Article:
Search By Topic The Green Supply Chain Distribution Digest
Supply Chain Digest Logo

Category: Procurement and Sourcing

Supply Chain News: Annual Research from AT Kearney as Usual Finds Outsized Benefits for Procurement Leaders


Leaders Achieve Two to Three Times Return on Procurement Investment

Feb. 10, 2020
SCDigest Editorial Staff

The consultants at AT Kearney are back with their annual look at the benefits of procurement excellence, using a framework they call the Return on Supply Management Assets (ROSMA) score.

Supply Chain Digest Says...

90% of procurement leaders with thought to have had a high impact on working capital performance, versus a low 32% for all others.

What do you say?

Click here to send us your comments
Click here to see reader feedback

Kearney notes the financial stakes are high, with at least 50% of a manufacturing company's costs usually comprised of external spend with suppliers. In fact, Kearney says improving procurement is "a company's biggest opportunity to transform business performance."

And as always, Kearney's research finds substantial differences across companies in terms of that procurement performance, such that top quartile procurement performers have ROSMA scores two to three times higher than those in the middle two quartiles – meaning their ROI on procurement investment is substantially higher.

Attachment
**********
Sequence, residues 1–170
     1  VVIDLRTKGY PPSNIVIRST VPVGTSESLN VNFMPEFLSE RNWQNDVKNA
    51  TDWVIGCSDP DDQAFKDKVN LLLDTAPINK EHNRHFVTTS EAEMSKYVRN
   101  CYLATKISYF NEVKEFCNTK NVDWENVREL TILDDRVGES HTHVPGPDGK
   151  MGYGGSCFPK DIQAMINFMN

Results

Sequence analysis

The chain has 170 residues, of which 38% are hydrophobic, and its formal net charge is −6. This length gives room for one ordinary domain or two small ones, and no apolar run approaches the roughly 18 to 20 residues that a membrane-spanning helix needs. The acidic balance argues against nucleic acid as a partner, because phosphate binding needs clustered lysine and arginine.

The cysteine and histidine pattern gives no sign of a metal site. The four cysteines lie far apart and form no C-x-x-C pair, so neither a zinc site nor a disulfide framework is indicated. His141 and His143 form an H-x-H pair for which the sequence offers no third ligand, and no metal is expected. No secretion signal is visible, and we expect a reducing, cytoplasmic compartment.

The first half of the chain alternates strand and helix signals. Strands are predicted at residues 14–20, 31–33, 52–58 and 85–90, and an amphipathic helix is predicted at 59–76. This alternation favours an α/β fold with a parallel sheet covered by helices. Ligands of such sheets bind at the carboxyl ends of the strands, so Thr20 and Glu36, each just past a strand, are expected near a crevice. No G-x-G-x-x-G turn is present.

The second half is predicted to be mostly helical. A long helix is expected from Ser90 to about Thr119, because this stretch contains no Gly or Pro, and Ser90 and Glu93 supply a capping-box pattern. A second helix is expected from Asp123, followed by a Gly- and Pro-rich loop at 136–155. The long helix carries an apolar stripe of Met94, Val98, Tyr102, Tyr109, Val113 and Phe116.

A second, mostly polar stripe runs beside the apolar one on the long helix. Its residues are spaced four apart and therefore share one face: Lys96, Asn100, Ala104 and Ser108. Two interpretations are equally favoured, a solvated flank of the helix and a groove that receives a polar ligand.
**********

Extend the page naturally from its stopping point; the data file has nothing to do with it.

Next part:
And the benefits of top quartile procurement performance go beyond just cost savings, Kearney says, with company's more consistently able to meet corporate goals through better integration of procurement with various company stakeholders.

A survey associated with this year's ROSMA analysis supports Kearney's position. Based on a bundle of procurement metrics, the research separates a group of procurement leaders – the top 7% - and then compares results for that group with everyone else in the survey across a variety of performance categories.

As shown in the graphic below, for example, 100% of the small group of procurement leaders said procurement in their companies had a high impact on reducing prices, versus 74% for all others.


Similarly, 90% of procurement leaders were thought to have had a high impact on working capital performance, versus a low 32% for all others. There are similar results for other areas of performance.

(See More Below)



Kearney says procurement leaders separate themselves from the pack in three main areas:

Procurement Team Excellence: Procurement leaders see themselves as strategic business partners to their various stakeholders, Kearney says – and are especially aligned with the CFO.


In that role, they go beyond just reducing costs to also identify trends and new drivers of business value.

"CPOs get fired for not delivering high-impact cost reduction, and promoted if they deliver strategic value that goes beyond cost reduction," one roundtable participant told Kearney.

Procurement Category Excellence: Procurement leaders are more than twice as likely as others to have robust, long-term category strategies in place, Kearney says, taking a multi-year view.

Leaders use more advanced analytics than do the rest, who are still mostly reliant on spreadsheets. Kearney also says virtually all leaders have direct visibility to at least 80% of total company procurement spend, versus about 50% of spend on average for the rest of the pack.